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Employee unlawfully harassed on WhatsApp

The Employment Tribunal has issued a timely reminder to employers of the dangers of social media in the workplace, after finding in Abdi v Deltec International Courier Ltd that the employee had been harassed by her colleagues via WhatsApp.

The employee was a black woman of Somali origin, who wore a headscarf. While completing her duties, she used her colleague’s login details and discovered a WhatsApp chat containing highly offensive and derogatory comments aimed at her race, religion, and sex.

After she complained, she was moved to a different part of the business, and the employer dismissed two of the employees and issued a final written warning to a further two. However, the employee remained uncomfortable at work and resigned.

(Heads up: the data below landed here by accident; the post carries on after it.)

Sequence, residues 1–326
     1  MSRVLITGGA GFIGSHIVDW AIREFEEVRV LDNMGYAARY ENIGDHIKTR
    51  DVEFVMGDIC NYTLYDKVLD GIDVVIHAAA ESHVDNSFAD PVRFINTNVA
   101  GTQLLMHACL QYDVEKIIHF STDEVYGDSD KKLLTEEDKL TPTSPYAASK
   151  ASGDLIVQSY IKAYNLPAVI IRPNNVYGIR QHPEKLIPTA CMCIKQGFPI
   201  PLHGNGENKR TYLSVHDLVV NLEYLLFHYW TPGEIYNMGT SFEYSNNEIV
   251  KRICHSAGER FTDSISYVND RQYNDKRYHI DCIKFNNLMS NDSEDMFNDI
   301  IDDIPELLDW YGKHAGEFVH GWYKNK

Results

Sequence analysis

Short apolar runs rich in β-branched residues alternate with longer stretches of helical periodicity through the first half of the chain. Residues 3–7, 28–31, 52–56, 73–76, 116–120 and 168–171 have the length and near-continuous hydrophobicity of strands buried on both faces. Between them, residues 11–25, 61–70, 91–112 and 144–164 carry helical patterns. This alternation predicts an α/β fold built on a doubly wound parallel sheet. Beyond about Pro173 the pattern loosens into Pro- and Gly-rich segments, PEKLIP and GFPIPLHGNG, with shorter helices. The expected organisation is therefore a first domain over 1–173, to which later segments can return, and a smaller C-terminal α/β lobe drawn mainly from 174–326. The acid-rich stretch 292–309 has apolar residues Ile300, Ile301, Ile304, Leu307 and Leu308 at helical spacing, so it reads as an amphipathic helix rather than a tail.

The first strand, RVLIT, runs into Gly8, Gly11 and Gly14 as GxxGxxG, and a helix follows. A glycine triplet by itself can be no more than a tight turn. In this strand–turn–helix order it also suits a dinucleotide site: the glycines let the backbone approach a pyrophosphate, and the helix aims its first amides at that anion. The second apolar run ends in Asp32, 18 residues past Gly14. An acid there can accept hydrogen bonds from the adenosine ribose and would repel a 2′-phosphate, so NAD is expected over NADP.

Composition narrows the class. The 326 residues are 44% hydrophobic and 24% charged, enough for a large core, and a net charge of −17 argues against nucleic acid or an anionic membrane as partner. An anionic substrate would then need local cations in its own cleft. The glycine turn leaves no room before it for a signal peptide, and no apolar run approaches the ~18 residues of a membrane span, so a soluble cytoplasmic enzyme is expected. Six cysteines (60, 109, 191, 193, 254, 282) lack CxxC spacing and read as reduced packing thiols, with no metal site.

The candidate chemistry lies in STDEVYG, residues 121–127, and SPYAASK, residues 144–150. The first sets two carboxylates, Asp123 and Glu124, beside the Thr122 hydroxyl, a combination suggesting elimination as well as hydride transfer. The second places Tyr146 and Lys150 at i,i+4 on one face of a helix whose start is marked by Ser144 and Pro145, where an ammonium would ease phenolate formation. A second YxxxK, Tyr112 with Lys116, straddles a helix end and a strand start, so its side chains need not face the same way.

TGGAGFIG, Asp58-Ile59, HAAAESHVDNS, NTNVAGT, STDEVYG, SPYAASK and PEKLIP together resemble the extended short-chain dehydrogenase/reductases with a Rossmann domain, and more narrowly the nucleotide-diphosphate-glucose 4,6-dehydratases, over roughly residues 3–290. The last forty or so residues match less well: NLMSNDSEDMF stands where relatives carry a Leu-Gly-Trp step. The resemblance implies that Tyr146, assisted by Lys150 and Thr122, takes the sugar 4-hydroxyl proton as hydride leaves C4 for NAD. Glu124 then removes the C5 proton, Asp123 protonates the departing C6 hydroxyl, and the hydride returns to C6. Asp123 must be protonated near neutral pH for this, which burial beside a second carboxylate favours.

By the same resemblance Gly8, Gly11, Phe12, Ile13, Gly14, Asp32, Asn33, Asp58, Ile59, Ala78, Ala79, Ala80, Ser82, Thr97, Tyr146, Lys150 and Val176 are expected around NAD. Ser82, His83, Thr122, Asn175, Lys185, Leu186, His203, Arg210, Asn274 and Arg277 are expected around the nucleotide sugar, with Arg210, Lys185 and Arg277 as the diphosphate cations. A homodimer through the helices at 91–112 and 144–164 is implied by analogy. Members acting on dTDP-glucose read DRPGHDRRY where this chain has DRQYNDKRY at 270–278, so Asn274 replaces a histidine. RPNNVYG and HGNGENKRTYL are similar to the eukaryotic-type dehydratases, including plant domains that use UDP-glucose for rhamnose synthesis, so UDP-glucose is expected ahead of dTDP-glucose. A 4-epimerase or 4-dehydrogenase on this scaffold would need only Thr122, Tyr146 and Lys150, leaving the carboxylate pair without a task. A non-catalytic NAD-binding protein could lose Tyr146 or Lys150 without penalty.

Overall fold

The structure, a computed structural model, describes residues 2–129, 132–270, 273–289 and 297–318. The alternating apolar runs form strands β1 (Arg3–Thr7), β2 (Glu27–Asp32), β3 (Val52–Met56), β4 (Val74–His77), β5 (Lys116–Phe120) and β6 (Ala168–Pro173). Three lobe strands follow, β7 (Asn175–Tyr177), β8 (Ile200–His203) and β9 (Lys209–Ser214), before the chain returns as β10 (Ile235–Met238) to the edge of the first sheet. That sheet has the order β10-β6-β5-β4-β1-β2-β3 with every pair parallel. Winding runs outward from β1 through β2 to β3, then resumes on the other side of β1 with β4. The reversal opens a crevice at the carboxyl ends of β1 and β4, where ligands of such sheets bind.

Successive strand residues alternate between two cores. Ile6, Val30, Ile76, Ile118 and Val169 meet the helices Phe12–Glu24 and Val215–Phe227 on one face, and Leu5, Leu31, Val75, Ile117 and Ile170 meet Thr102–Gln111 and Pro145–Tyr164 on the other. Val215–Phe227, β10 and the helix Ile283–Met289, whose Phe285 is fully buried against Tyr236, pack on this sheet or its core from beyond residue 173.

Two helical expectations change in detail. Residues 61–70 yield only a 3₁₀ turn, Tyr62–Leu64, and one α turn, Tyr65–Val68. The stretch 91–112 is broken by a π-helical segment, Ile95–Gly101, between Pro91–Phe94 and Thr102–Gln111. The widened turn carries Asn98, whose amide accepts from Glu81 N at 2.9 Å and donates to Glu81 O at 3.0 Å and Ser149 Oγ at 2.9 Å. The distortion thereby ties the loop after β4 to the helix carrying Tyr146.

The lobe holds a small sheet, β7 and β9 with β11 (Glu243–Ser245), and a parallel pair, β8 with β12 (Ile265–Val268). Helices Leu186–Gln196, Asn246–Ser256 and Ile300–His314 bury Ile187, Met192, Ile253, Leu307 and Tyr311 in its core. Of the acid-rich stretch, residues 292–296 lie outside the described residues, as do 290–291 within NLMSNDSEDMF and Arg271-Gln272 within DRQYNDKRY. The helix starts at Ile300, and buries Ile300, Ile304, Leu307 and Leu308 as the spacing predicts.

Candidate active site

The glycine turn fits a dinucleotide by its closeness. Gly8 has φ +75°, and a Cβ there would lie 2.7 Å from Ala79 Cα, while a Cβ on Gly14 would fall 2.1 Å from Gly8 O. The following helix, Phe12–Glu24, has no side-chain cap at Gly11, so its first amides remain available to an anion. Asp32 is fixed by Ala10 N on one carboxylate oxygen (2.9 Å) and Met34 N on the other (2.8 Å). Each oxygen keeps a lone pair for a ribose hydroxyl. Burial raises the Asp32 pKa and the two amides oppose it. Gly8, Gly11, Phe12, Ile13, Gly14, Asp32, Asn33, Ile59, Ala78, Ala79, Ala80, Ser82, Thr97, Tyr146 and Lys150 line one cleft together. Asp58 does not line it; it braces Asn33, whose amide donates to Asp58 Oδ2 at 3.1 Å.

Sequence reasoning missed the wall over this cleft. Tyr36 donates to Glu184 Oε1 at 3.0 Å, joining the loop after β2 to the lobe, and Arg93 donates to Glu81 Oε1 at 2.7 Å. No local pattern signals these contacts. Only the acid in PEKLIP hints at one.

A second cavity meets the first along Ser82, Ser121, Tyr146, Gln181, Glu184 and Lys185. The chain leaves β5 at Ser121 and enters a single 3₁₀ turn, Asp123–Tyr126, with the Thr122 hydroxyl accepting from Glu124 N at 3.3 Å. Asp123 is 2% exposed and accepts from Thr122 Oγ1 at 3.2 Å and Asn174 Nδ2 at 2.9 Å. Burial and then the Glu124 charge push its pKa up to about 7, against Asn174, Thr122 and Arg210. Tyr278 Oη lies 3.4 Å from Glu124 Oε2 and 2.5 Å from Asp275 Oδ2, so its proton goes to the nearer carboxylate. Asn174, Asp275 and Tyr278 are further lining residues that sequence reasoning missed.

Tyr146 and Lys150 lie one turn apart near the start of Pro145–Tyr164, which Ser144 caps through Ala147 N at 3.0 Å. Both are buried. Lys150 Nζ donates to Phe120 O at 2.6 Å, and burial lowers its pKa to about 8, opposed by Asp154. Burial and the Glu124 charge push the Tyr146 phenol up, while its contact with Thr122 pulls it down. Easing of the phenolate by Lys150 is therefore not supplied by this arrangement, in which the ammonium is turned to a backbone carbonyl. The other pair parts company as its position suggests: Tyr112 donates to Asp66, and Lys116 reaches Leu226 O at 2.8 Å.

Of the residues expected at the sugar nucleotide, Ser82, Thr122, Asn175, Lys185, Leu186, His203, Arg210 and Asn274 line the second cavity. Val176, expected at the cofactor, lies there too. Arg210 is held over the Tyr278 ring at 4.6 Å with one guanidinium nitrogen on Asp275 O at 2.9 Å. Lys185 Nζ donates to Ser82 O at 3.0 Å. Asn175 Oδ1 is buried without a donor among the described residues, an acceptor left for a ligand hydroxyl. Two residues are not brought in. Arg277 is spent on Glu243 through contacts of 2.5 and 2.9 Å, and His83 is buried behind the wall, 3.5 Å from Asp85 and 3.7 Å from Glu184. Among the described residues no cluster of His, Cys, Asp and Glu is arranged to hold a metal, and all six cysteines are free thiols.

With the use of WhatsApp and other instant messaging platforms playing an increasing role in working from home, employers should be aware that under the Equality Act 2010 they can be held responsible for inappropriate comments made in such chats, unless they have a “statutory defence”.

The employer admitted liability for harassment regarding these messages, and the Tribunal confirmed the comments in the WhatsApp group amounted to harassment on grounds of race, religion, and sex.

With the use of WhatsApp and other instant messaging platforms playing an increasing role in working from home, employers should be aware that under the Equality Act 2010 they can be held responsible for inappropriate comments made in such chats, unless they have a “statutory defence”.  That means taking “all reasonable steps” to prevent the unlawful conduct happening in the first place. Ways of succeeding with a statutory defence include equal opportunities training and a genuine commitment by management to the company’s anti-harassment policies.

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